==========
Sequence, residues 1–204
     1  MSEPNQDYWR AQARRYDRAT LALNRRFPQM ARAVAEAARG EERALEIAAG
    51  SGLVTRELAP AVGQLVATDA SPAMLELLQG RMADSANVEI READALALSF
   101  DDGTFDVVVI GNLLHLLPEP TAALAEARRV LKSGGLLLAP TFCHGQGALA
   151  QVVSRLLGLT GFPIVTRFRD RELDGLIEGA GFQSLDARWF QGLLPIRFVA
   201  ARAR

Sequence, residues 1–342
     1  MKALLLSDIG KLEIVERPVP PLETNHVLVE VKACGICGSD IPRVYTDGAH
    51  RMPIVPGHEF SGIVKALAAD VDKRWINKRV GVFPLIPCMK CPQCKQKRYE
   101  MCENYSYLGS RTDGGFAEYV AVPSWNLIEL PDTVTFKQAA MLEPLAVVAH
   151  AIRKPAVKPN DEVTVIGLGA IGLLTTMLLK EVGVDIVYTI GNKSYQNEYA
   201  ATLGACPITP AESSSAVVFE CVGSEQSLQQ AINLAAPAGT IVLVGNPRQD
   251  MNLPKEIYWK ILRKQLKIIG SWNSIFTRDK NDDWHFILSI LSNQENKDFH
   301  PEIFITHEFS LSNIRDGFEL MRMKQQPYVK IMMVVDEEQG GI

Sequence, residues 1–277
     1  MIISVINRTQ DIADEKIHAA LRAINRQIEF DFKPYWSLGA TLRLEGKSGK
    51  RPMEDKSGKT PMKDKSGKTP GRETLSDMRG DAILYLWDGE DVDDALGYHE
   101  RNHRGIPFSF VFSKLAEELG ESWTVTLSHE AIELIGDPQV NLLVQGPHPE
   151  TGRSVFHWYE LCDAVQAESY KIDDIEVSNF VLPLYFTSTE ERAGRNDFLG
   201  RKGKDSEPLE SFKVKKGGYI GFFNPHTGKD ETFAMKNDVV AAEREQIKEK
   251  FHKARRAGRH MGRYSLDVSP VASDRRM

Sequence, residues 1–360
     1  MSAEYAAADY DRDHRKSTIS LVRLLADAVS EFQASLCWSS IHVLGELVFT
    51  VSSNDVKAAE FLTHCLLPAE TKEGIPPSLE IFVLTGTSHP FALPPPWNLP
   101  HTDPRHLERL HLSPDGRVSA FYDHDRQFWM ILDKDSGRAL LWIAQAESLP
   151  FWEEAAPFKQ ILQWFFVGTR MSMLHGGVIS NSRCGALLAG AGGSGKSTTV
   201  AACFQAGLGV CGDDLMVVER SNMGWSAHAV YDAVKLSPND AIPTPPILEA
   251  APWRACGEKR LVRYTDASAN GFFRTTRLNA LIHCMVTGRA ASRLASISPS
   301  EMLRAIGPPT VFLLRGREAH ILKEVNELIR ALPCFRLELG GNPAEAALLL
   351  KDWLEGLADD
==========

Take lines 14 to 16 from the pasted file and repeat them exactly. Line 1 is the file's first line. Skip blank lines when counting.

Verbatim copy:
   301  PEIFITHEFS LSNIRDGFEL MRMKQQPYVK IMMVVDEEQG GI

Sequence, residues 1–277
     1  MIISVINRTQ DIADEKIHAA LRAINRQIEF DFKPYWSLGA TLRLEGKSGK